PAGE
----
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“We Were Different”: Adapting to a Strange Land
Immigrant Jewish children arrived at school not knowing Washington from a washtub. Often they were placed with much younger students until they learned English. Classmates frequently taunted them for their funny “Jewtalk,” but many Jews recall making friends quickly, and receiving concern and kindness from their teachers. Settling in, Jewish students often became standout orators, debaters, musicians, and athletes.
“I was too frightened to go into the class and refused to let go of my father’s sturdy and supporting hand. I was put into the only first grade that existed at the time, where my younger cousins near my age had already been placed. I sat frozen to my desk, afraid to move a muscle, but watching all that was happening around me!”
– Min Munich, Oxford
“Miss May’s patience with us was indescribable. She somehow led us through the mystery of the English word through pictures, songs and various motions. Gradually we learned enough words to communicate, and when we began to read The Sunbonnet Babies, we were off and going.”
– Min Munich, Oxford
“The bad part is that I have to go to school with a group of six-year-olds because I have to learn the language. It is so embarrassing. I hardly fit into their little seats, and the children giggle to see a big person sitting in their midst …. The school jumped me six grades in six months! Mrs. Edwards is my English teacher and she praises me every day. Everyone at school has been very kind and I have made a lot of friends who come home with me in the afternoons.”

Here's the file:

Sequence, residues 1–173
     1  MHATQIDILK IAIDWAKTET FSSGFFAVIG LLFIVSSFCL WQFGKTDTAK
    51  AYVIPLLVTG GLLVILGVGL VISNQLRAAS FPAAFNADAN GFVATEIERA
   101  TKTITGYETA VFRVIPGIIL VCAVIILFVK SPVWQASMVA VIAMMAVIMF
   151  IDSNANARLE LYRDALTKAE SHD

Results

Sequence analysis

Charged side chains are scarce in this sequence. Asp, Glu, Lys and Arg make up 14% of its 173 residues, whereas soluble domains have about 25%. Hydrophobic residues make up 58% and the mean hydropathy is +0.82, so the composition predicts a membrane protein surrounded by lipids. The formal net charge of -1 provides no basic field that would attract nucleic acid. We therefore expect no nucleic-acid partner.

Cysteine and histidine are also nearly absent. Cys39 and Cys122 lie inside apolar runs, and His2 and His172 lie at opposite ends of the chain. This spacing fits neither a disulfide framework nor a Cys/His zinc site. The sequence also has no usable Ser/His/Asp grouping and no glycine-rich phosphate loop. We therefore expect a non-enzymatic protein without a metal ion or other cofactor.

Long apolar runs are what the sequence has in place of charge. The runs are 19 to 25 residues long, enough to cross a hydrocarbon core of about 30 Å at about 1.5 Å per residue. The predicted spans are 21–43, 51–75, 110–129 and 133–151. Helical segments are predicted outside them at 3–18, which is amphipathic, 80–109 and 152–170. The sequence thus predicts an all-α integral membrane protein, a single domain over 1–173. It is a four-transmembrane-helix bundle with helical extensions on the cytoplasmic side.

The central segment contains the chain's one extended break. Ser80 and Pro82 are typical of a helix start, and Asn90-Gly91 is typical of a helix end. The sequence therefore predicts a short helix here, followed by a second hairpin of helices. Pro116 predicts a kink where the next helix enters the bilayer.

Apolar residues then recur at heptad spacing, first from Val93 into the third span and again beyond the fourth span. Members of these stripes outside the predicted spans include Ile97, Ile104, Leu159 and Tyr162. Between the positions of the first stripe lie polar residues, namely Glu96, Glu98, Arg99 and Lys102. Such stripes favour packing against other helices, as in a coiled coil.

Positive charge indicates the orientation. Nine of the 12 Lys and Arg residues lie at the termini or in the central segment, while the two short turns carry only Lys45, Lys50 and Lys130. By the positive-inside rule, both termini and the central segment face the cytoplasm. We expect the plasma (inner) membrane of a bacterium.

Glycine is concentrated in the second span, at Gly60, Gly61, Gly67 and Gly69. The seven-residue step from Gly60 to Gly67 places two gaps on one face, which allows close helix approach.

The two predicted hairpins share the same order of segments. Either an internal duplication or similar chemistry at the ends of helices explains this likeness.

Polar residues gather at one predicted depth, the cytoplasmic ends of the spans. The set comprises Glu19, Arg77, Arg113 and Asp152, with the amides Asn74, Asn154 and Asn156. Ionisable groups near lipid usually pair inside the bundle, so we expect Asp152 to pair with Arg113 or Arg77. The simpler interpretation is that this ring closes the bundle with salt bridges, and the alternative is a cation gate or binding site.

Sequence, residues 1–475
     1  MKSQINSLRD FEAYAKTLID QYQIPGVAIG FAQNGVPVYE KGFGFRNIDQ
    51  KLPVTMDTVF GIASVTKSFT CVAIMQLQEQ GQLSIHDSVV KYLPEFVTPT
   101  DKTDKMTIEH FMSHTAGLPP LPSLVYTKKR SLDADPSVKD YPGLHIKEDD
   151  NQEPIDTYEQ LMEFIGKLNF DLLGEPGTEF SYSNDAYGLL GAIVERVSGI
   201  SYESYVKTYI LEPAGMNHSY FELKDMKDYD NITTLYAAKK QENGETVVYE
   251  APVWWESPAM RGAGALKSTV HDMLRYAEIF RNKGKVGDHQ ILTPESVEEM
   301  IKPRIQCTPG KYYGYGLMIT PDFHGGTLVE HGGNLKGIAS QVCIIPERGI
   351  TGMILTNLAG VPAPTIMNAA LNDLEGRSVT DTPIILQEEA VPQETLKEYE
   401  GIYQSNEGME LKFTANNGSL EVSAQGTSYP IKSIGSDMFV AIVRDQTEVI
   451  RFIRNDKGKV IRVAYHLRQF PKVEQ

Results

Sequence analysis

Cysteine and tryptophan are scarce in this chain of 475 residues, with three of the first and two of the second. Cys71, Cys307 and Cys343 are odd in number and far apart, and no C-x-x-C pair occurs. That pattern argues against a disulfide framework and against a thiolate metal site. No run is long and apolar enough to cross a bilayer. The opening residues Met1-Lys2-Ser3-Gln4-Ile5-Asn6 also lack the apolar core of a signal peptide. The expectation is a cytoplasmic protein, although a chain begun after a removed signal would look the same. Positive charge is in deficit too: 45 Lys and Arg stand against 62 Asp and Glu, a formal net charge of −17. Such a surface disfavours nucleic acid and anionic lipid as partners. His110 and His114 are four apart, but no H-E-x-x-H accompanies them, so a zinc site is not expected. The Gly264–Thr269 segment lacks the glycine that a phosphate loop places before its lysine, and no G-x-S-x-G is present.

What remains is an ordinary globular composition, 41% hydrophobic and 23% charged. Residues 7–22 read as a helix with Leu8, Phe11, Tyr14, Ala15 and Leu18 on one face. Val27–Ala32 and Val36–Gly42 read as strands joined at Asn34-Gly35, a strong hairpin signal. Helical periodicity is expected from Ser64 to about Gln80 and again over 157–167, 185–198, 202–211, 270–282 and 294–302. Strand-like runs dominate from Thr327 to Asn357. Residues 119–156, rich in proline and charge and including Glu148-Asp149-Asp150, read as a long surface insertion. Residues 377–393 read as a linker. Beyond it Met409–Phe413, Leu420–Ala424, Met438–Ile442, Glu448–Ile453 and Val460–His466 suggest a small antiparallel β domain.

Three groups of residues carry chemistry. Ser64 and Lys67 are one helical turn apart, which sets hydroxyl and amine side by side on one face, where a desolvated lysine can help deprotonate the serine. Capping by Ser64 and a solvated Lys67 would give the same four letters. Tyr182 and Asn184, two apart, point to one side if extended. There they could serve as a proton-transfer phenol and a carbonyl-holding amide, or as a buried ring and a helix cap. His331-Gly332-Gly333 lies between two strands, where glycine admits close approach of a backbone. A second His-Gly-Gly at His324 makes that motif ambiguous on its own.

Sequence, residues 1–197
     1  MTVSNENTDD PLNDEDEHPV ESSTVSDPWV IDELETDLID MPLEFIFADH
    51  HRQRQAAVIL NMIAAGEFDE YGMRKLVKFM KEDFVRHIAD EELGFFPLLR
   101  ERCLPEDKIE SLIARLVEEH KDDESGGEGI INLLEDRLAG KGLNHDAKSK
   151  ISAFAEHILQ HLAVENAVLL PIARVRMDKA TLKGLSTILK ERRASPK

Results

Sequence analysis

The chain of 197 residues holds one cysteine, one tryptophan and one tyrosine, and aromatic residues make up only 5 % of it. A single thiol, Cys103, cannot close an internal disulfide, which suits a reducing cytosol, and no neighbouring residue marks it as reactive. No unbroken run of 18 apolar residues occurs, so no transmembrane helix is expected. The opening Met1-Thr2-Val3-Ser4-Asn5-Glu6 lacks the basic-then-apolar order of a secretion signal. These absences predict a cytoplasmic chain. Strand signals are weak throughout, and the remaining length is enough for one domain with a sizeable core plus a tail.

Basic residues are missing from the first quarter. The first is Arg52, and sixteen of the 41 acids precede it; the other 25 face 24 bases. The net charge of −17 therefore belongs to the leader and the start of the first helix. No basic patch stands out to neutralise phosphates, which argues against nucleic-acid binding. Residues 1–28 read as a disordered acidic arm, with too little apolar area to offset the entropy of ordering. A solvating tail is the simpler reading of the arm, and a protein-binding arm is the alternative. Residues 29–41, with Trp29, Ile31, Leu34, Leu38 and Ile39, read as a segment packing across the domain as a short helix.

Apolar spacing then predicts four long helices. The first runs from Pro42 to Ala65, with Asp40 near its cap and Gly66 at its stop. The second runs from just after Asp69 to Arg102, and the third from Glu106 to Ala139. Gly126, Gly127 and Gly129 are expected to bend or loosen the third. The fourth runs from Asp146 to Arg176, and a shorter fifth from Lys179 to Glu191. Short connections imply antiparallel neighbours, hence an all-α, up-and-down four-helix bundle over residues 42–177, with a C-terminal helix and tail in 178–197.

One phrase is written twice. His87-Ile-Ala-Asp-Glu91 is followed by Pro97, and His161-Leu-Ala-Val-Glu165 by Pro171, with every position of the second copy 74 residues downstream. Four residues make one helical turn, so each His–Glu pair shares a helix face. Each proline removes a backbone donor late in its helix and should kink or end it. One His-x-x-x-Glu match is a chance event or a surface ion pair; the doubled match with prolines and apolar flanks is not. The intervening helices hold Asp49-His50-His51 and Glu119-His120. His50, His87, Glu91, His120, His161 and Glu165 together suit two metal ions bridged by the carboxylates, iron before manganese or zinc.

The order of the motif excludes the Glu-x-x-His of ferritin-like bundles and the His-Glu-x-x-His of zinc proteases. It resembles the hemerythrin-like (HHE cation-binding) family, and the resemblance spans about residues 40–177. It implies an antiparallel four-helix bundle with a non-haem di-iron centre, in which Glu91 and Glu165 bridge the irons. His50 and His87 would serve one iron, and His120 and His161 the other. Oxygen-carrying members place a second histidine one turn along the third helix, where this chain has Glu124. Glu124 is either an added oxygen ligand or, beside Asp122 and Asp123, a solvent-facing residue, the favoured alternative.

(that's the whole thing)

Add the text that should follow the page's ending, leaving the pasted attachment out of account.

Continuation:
– Rebecca Polakavetz Moscovitz was 14 in 1913 when she wrote about attending school in Troy after emigrating from Russia.
“My first three years in school were tough,” Benjamin Schwartz in Wilmington recalls. “You see, we were different.” Kids threatened to punch him just to hear him “talk Jew talk.” That is, his native language of Yiddish.
A bully cornered Roy Levy on a schoolyard and wanted to know why he killed Christ. “I didn’t do it,” Roy answered. “My brother Dave did it.”
“I got beaten up three times a day just because I was a little waif of a Jewboy,” Durham’s Gibby Katz remembers. When his friend Joe Hockfield was jumped by three kids, Joe got revenge by ambushing them one at a time.
“I had several fights at school just over my being there,” recalls Monroe Evans of Fayetteville. An older student taught self-defense at Hebrew School, and “the first time that I hurt the other kid in a tussle, it seemed to clear the air.”
David Citron, who moved from Atlanta to Charlotte in 1932, encountered a “lot of prejudice” as the lone Jewish student at his school, but helped by “a gentile friend and a very nice teacher,” he was elected student body president.
Sara Evans recalls a teacher who referred to her son as a “little Jewboy” and insisted she meant no offense.
“Everybody was friendly, recalled Joan Samet, but I never got invited to parties.”